Angelica Eppes

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Angelica Eppes (unknown)

Birthdate: (25)
Birthplace: Prince George County, Virginia
Death: circa 1720 (17-33)
Henrico County, Virginia
Immediate Family:

Wife of Llewellyn Isham Eppes, Sr.
Mother of Ann Nance; Llewelyn Eppes, Jr.; Temple Eppes; Angelica Hardyman; Col Peter Eppes and 4 others

Managed by: Private User
Last Updated:

About Angelica Eppes

Not the same as Angelica Baker


Research update:

Henry Baker II and Llewellyn Eppes married two different women, both named Angelica.

The merge on this profile should be reversed:

  • Angelica Bray Baker will need to be merged into the family of James Bray II
  • The parents of Angelica ____ Eppes are still unknown.

The will of James Bray II (brother of Col. David Bray) names his daughter Angelica BAKER--see notes and source material on his profile.

As Angelica Bray was still married to Henry Baker as late as November 17, 1725, the date of her father's will, she cannot be the wife of Llewellyn Eppes.

Llewellyn Eppes and Angelica ____ married November 14, 1711 (source: diary of William Byrd II), and had several children born before 1725.

The parents of Angelica _____ Eppes are still unknown. It is likely she had some connection to the Bray family.

Some trees show her as a Temple, rather than a Bray:

Angelica Eppes

More research is needed to prove the parents of Angelica Eppes.

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Title: Virginia - Southside Virginia Families

Author: Boddie, John Bennett

Publication: Redwood City, California : Pacific Coast Publishers, c1955-1956

Page: Vol. 1/ p.9, 10

Henry Baker, the son of Maj. Henry Baker, received 2,500 acres at “Bucklands” in Nansemond County by the will of his father in 1712. He was sheriff of Nansemond, a Captain in the Nansemond Co. Militia and Burgess from 1723-1726. When the Line between N. C. and Virginia was resurveyed in 1729, the property at “Bucklands” fell In Chowan County, N. C. When Hertford County was formed from a part of Chowan it was in this county and finally, after 1779 in Gates County. Henry Baker married (I) Angelica Bray, daughter of Col. David Bray of James City County, Va. (17th Cent. p. 207) . He married secondly, Ruth Chancey, daughter of Edmund Chancey of Pasquotank County, whose will in 1754 mentions his Baker grand-children. (Grimes-Abstracts of N. C. Wills,. p. 68). The will of Henry Baker was probated in Chowan County in 1739. (N. C. Hist. & Gen. Reg. p. 29, Vol. I).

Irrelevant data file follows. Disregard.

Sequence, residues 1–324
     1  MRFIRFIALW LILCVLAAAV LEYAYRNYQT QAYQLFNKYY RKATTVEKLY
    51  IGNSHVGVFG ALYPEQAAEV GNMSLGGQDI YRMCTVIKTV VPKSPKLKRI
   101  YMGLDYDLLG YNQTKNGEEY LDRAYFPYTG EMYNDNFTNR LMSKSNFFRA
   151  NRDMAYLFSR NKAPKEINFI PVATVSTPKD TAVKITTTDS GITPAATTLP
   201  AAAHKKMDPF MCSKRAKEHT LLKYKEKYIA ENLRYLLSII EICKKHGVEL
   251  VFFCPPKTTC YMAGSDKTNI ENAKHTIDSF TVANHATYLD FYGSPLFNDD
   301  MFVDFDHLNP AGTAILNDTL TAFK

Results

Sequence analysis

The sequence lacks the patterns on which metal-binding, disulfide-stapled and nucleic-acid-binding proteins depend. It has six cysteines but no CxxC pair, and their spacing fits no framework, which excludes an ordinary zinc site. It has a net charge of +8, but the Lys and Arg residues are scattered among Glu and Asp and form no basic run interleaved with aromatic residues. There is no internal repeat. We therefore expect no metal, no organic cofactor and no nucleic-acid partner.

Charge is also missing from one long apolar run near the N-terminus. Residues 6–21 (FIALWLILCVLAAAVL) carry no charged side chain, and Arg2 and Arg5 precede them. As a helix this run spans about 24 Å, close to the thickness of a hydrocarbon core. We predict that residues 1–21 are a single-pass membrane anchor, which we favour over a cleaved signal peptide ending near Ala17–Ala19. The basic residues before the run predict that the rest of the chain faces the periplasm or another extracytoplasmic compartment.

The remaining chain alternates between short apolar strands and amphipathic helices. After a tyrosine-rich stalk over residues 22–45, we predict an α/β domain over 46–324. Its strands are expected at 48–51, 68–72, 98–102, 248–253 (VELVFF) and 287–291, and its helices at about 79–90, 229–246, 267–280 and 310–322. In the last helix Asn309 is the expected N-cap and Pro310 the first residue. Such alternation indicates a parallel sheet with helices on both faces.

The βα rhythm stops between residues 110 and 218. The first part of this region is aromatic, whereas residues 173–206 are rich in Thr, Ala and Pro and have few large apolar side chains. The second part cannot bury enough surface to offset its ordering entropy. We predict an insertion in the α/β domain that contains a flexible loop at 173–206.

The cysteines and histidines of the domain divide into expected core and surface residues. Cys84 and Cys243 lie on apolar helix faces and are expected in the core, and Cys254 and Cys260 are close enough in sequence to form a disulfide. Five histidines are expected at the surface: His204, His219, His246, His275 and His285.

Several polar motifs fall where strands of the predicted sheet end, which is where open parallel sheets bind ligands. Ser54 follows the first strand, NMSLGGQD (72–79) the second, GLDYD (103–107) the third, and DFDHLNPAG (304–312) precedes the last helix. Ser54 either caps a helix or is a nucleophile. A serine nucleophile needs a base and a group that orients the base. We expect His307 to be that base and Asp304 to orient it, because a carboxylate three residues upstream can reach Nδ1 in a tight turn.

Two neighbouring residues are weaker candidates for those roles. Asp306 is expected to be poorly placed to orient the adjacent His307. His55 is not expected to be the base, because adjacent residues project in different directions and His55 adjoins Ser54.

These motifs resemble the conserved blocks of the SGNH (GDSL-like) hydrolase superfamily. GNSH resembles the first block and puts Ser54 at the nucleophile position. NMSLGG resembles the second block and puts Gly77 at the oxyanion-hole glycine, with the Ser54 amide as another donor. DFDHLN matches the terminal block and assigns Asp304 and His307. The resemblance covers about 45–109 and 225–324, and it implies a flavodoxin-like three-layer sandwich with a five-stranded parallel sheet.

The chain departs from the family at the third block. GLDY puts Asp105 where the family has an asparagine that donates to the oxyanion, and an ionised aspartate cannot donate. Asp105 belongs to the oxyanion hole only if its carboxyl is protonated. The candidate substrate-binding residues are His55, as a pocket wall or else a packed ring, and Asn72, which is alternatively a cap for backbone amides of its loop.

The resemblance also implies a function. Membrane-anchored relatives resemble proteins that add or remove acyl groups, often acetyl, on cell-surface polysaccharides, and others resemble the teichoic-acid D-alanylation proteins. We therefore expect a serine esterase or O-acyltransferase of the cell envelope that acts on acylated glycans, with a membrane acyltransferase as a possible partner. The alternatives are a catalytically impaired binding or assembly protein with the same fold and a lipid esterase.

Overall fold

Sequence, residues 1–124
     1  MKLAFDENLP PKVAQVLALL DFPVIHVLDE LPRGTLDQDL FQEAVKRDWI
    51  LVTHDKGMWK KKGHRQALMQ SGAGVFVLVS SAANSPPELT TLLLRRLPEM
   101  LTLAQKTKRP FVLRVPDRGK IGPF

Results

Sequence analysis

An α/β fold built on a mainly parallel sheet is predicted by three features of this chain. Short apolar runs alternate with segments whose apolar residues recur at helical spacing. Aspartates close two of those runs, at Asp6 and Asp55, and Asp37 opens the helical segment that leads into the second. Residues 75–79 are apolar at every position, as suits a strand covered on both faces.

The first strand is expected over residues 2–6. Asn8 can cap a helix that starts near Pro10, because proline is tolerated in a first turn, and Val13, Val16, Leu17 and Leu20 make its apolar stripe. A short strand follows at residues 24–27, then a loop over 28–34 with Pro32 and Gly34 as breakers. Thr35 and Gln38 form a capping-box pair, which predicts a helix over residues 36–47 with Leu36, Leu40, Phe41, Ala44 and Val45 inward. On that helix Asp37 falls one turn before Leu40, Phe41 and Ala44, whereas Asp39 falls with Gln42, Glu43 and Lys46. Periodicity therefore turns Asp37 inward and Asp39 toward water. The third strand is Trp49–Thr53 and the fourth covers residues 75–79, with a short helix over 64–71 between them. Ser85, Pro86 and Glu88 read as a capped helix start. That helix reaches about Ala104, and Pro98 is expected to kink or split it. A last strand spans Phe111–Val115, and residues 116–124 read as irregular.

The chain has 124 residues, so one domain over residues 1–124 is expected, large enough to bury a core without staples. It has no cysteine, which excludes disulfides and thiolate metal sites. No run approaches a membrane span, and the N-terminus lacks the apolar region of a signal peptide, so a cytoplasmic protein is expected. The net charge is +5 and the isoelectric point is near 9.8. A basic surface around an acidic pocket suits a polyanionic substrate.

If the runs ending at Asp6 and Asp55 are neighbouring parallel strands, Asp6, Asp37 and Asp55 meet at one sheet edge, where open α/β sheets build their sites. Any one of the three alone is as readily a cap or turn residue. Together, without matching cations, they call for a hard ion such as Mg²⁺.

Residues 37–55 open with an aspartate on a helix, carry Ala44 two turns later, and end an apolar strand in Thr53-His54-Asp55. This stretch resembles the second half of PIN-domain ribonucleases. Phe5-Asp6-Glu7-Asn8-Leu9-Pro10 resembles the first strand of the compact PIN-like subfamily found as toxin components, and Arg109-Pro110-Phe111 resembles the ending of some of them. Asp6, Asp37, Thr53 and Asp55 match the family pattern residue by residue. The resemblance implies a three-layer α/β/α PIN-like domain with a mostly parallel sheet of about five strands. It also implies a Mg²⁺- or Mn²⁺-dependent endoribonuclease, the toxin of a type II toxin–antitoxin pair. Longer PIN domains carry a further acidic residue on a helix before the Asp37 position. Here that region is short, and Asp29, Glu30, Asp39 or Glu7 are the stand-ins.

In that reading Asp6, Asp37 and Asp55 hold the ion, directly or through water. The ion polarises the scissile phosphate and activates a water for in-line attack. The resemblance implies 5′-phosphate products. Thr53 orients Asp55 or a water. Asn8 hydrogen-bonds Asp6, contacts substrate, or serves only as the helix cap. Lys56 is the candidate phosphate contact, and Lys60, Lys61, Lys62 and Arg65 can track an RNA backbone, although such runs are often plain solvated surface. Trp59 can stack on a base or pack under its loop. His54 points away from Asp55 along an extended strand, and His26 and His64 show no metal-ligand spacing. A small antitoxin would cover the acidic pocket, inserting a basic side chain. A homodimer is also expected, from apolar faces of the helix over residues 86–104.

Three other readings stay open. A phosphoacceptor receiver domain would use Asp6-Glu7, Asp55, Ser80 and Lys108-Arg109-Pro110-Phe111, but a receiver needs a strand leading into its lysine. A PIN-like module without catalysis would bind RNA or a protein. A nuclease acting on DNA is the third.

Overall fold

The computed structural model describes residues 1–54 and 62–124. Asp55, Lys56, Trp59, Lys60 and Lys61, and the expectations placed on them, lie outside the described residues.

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From "The Baker Family as Remembered" written 4 Feb 1847 by Dr. Simmons Jones Baker:

 "But I must not forget my great grandfather, poor unhappy man. He married Angelica Bray who had large expectations as to property, she being the only child of her father. She bore to my great grandfather, one son Henry Baker, my grandfather.  Sometime after this event the fair Angelica eloped with the captain  of a Jamaica Merchant ship and is believed to have died in Kingston in extreme wretchedness. . . . the poor man, notwithstanding the waywardness of his first wife appears ever to have retained a most affectionate attachment for her. A plate, knife and fork were always placed at the table for her and no one permitted to occupy her chair, in token that he was ready to receive the repentant Angelica whenever she thought proper to return. . . .